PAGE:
Susan, I was having Roldo withdrawal while he was on vacation so  I went back to the older stuff and saw that you have reorganized and updated the listings. Thank you for doing this.

The realneo book content is an excellent idea and I hope that Roldo takes you up on the offer while the ground is frozen.

I see that Roldo now has a cult following, sort of like the Rocky  Horror Picture Show. Maybe we can have a section for cult fan mail.

Scan, Adobe pdf, and Google does the rest...

Just take all the POVs and scan them with Adobe PDF.  Load all the pdf's up on Realneo's server.  Done.   Every word is searchable.   MedMart or MedCon.   Doesn't matter.   Susan, you can use the gear I have to do this. The job will take some time.  Should be done. 

Roldo, where'd you go?

Cleveland Memory Project???

Roldo, Susan and Jeff

Isn't the Cleveland Memory Project at CSU undertaking this archiving of Roldo's material?  If not--it should be.  Perhaps, these digital collections need an endowment.  I would still like to see Ed Hauser's research collection similarly indexed and archived.

As for the Free Times--the online index to the publication died when the web site expired. I was very concerned, because it was the only way to narrow down article searches using the microfilm collection--FILMED and HOUSED at Cleveland Public Library.

http://www.clevelandmemory.org/roldo/

http://www.clevelandmemory.org/roldo/

Is it an issue of digital rights or an issue of time/money/staff to archive the materials?

microfilm to digital

It appears that CPL may have the entire collection or is it just the first edition? But in another collection's description, I find this:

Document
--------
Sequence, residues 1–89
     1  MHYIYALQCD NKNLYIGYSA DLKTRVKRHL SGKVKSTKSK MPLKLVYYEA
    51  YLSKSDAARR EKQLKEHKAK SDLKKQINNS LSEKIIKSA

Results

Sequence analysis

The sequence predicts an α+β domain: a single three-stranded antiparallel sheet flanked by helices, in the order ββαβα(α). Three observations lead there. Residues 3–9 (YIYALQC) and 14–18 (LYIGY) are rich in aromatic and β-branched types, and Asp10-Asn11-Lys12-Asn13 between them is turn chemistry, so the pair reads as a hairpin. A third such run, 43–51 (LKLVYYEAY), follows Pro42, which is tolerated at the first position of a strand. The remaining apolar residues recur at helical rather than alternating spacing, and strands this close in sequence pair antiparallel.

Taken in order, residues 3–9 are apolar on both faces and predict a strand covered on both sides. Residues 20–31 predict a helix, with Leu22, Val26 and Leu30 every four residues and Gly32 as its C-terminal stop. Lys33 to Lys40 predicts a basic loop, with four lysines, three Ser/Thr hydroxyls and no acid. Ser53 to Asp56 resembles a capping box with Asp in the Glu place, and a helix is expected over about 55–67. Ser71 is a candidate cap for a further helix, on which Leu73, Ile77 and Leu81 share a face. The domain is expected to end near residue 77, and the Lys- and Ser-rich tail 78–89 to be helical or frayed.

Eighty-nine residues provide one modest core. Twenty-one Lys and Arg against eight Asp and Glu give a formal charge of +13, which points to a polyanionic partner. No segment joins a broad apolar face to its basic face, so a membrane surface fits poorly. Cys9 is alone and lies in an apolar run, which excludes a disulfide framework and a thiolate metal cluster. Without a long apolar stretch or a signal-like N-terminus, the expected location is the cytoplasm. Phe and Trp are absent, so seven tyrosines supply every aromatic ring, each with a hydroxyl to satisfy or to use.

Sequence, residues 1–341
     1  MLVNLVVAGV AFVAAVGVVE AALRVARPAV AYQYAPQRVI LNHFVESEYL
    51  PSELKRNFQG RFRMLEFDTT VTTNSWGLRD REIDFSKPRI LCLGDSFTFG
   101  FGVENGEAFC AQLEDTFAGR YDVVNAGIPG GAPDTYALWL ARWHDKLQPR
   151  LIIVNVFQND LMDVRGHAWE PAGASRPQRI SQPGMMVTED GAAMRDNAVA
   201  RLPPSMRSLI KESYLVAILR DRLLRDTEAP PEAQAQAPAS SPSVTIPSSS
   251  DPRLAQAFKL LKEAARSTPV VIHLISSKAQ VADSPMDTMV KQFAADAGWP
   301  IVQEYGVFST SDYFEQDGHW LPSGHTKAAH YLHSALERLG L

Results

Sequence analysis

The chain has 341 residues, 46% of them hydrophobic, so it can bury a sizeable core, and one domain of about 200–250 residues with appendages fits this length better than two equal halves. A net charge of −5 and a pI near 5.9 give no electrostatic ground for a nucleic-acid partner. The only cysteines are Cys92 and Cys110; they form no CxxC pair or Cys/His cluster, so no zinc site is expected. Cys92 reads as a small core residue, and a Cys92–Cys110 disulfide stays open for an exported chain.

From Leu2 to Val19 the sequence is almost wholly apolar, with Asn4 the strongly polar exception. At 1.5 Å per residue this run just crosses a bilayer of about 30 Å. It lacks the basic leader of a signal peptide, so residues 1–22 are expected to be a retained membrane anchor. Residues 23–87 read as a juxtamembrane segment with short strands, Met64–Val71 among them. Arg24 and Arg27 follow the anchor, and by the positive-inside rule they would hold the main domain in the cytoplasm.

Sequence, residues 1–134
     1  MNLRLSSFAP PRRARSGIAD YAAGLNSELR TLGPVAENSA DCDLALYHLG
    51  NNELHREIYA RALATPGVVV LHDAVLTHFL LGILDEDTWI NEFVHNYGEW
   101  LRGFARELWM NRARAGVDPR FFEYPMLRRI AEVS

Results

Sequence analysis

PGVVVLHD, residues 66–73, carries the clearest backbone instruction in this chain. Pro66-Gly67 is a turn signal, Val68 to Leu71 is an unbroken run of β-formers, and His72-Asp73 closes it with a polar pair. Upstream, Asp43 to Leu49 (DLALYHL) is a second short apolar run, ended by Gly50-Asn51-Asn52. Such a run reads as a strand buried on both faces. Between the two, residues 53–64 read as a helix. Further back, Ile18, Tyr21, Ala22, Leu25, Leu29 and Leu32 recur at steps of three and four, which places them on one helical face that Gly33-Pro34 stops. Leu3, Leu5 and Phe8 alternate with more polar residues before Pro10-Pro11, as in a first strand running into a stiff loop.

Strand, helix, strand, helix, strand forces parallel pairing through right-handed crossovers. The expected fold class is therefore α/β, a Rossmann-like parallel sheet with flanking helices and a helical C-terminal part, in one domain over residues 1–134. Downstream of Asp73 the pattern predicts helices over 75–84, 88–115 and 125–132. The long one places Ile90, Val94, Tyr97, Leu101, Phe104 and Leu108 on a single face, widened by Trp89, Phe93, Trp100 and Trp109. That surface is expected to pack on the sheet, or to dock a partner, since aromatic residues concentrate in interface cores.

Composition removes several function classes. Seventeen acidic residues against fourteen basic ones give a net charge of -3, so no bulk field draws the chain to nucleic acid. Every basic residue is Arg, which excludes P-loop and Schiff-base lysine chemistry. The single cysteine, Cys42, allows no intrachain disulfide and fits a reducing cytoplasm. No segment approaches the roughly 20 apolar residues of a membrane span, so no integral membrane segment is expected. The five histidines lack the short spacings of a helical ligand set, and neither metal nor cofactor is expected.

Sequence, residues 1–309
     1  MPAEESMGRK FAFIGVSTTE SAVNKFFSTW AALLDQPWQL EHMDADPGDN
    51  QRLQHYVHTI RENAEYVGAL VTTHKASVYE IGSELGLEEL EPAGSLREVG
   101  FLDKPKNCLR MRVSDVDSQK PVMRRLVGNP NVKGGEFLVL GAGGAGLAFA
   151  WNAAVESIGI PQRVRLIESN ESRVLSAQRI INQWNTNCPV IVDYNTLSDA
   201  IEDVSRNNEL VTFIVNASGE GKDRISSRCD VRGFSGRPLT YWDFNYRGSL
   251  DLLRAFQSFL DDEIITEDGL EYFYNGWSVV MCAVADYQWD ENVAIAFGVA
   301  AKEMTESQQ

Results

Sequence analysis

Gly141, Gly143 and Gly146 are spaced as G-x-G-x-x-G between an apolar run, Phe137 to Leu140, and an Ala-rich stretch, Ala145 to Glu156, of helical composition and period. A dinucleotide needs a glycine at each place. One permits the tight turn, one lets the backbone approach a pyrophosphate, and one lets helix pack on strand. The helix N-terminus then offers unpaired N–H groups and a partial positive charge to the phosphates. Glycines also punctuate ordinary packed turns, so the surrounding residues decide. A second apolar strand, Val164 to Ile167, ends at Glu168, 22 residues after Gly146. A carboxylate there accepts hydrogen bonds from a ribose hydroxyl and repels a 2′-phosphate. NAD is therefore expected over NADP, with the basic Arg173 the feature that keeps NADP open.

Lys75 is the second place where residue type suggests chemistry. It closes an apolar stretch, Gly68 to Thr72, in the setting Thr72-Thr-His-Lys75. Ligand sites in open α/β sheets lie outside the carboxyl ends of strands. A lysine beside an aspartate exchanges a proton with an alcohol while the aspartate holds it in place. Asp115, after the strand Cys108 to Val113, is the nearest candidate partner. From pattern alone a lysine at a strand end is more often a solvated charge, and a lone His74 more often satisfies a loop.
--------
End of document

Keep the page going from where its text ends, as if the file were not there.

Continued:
"While online digital collections are gradually replacing microfilm access, it is important to note that only a small percentage of existing historical documents are available online due to the high cost of making extensive collections available in digital format. Most of the collections included in this guide are not available online."

I can find only commercial services for migrating microfilm to digital media. Any suggestions here, Laura or anyone?

Film vs. Digital

I really think that the discussion should be filming of digital material not the other way around...I have no faith in digital archiving. Just because information is EASIER to find on line, does not mean that it is GOOD information. 

Storage, archiving and preservation of material is something that we should all know more about

Many Clevelanders and Cleveland institutions have played a role in this great drama.  I wish I had the time to write a book :)  In the meantime, read Robert Edsel's Monuments Men and see http://www.ironmountain.com/

knowledge underground

This is fascinating, Laura. Thanks for the link. I also note that "a positive copy for Library patron use is on site,"

Am I correct in assuming that CPL's microfilm is stored in Main? That's where I have used it for research in the past. God forbid there is some disaster, because if that "server" goes down... well what might we lose?

I find all this democratization of information via the internet fascinating. I admit that I have often had to phone you in utter frustration to "find" something. And I always assist CPL with their erroneous cataloging of audio visual materials whenever I find a mistake.